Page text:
Non-Citizens Lured into Voting: The Motor-Voter / Deportation Crossfire
Published: February 28, 2009
It’s a problem. A big problem. Innocent foreign nationals from countries far and wide are finding themselves in the middle of the Motor-Voter/Deportation crossfire here in the U.S. In Illinois, the following scenario (or a version of it) is unfortunately popping up way too often:
Foreign national – we’ll call her Daisy, arrives in the U.S. legally, on an immigrant visa (permanent resident), and starts the process of obtaining identification documents such as a social security card, state i.d., drivers license, etc. Upon her visit to the Illinois Secretary of State office (DMV), Daisy is greeted by an agent who asks for identification. Daisy presents the passport issued by her government, along with other required documentation and advises the agent that she would like to obtain a state i.d. The agent asks Daisy, in assembly-line fashion, “would you like to be an organ donor?” Daisy says, “sure.” Agent asks Daisy, “would you like to vote?” Daisy – thinking wow, that’s cool, what an honor! – responds, “sure I would!” and even wonders if the government will be offended if she refuses this offer of such a privilege, thinking she must certainly be eligible for it since a knowledgeable government official in a position of power is presenting it. Agent proceeds quickly, asking Daisy to sign a document or two, and orders her to move along in line so the next customer can get serviced. Daisy gets her state i.d and drivers permit, leaves the facility and goes about her business.
A few weeks later Daisy receives a voter registration card, and thinks to herself how lucky she is, that she now has the right to vote. In fact, she proceeds to exercise this precious right, her civic duty even, voting at least five times in the ensuing five year period – in a presidential election, a federal congressional election, and even in the local school board contest.
Daisy applies for U.S. citizenship after accruing five years as a U.S. resident, and studies hard for her civics test. She becomes a bit concerned about some of the information she is learning, like the provision about having to be a U.S. citizen in order to vote. But she also feels like she is on solid footing legally, since the right to vote was offered to her by a government official who knew she was a foreign national. Daisy appears for her interview, passes all of the required tests, answers all of the examiners questions (including admitting that she voted in five elections) and is told by the immigration examiner that she will receive the final decision in the mail. One month later, Daisy receives a decision denying her application, as well as a notice to appear before an Immigration Judge for removal proceedings due to her “voting in violation of law” as a non-citizen.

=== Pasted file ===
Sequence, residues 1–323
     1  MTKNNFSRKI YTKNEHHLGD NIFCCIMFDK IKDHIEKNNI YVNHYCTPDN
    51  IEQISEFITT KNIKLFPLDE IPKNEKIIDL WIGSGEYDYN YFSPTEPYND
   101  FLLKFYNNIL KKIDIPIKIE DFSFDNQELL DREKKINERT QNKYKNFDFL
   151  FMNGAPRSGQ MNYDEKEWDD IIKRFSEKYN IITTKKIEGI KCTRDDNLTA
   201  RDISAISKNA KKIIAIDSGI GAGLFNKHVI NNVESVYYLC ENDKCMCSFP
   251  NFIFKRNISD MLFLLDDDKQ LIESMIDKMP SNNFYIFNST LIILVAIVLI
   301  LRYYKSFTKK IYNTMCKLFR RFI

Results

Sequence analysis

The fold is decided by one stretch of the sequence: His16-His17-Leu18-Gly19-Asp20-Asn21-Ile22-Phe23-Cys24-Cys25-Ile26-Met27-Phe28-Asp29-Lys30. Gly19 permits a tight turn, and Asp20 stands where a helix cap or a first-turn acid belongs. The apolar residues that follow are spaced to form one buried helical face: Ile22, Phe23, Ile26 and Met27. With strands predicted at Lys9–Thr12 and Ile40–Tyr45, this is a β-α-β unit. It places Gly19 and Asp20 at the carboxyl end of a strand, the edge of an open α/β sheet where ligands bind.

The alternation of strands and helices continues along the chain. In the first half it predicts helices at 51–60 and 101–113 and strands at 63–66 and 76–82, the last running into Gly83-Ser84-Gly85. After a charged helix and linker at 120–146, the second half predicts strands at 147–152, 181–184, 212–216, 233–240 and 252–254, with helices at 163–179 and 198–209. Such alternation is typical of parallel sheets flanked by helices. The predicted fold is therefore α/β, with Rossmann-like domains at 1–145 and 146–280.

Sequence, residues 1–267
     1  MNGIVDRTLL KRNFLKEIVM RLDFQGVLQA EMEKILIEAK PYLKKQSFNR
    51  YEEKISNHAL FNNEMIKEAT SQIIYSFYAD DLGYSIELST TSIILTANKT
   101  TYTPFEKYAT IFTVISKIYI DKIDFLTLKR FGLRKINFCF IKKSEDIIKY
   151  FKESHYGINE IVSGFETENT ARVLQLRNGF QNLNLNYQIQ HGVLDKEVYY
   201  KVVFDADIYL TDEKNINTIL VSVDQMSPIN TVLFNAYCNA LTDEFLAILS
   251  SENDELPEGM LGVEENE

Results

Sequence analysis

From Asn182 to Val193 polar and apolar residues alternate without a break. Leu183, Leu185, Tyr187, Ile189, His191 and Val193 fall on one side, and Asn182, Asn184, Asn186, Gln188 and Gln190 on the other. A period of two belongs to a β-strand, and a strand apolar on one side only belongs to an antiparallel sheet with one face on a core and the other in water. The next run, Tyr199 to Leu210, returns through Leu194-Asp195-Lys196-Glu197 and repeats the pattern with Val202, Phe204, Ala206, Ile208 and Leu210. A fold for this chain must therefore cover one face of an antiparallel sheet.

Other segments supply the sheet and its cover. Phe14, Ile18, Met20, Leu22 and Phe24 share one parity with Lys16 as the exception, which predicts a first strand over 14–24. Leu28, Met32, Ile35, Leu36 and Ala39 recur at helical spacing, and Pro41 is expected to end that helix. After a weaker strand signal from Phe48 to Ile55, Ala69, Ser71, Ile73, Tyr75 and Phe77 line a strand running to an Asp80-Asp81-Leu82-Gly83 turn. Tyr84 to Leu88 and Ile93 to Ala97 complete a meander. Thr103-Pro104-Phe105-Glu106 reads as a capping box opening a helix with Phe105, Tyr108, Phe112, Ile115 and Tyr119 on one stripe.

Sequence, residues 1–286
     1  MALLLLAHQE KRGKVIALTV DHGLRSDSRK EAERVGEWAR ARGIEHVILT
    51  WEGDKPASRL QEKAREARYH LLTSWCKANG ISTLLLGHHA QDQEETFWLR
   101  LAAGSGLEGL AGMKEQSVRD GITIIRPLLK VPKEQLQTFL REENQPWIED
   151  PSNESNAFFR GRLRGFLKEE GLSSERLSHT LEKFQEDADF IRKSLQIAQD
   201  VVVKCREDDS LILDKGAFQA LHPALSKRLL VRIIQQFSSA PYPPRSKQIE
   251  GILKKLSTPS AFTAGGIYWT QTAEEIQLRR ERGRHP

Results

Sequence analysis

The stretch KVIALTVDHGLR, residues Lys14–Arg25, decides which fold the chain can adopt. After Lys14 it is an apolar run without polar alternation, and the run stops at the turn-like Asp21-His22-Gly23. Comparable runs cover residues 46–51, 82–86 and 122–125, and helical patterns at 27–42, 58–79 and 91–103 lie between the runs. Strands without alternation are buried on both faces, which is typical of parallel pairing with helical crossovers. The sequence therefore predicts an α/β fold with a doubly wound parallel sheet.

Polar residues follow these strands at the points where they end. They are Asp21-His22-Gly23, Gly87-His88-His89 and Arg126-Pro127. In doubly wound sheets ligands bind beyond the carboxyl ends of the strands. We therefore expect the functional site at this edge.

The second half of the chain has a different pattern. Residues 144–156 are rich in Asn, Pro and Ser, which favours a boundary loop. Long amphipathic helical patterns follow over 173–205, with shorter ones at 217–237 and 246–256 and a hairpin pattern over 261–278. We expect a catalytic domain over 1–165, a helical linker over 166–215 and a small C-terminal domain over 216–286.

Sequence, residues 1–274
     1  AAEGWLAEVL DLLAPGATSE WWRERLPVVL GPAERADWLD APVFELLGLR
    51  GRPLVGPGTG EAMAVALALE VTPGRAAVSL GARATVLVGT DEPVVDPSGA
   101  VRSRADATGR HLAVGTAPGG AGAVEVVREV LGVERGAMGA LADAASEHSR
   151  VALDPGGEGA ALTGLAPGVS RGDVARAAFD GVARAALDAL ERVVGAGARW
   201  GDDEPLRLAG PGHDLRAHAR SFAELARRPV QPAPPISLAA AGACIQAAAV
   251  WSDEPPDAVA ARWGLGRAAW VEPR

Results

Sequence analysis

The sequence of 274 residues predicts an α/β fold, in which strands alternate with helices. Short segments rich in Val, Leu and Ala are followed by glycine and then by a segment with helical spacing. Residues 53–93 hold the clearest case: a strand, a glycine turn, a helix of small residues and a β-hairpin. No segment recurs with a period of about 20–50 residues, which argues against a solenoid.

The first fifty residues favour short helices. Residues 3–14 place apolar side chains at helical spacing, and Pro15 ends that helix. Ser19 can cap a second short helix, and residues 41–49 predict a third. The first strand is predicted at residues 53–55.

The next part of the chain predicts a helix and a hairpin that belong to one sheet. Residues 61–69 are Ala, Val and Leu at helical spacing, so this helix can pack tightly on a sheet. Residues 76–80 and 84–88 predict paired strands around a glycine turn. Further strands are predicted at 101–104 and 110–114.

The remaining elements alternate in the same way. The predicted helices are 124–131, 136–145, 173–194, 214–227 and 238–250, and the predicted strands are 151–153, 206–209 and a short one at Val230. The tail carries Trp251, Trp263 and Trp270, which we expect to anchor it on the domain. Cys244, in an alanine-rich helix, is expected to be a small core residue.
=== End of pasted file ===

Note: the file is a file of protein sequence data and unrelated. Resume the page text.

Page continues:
Sadly, this scenario, or a version of it, is becoming way too common. The problem is that during that initial visit to the Secretary of State’s office upon first arriving in the U.S., Daisy likely, and unknowingly of course, signed a document declaring that she is a U.S. citizen. From there, the voter registration card followed.
The problem stems from motor voter laws designed to allow for easy, non-discriminatory access to voter registration. Clearly the process became too easy, and too non-discriminatory, since Daisy should never have been registered in the first place. Further, there are laws already on the books in Illinois requiring all foreign born voter registrants to be asked where and when they were naturalized as U.S. citizens. Clearly, this did not happen in Daisy’s case. Had it, her immigration nightmare would never have come about.
So, what can Daisy, or other foreign nationals who were mistakenly registered to vote and/or voted, do? Firstly, Daisy has a strong defense to any charges of removal, since she was clearly relying on the guidance and cues of a governmental official who knew she was a foreign national, but nevertheless prompted the voter registration process. Since case law is still developing in this area of immigration law, however, it remains to be seen what success she will have at the initial hearing stage. For certain, a solid legal basis to defend such charges does exist, as does a strong basis to prevail before a federal court of appeals, if need be. Still, this sort of legal battle can get complicated and present significant challenges. My advice to all foreign nationals who are offered a chance to register to vote or vote: Just say no! For anyone who may have unsuspectingly been lured into the motor voter/deportation crossfire, by either registering to vote, or even voting, my advice is to consult counsel before filing paperwork to facilitate any type of immigration benefit, such as U.S. citizenship.
PUBLISHED February 28, 2009 – “IMMIGRATION LAW FORUM”
Copyright © 2009, By Law Offices of Richard Hanus, Chicago, Illinois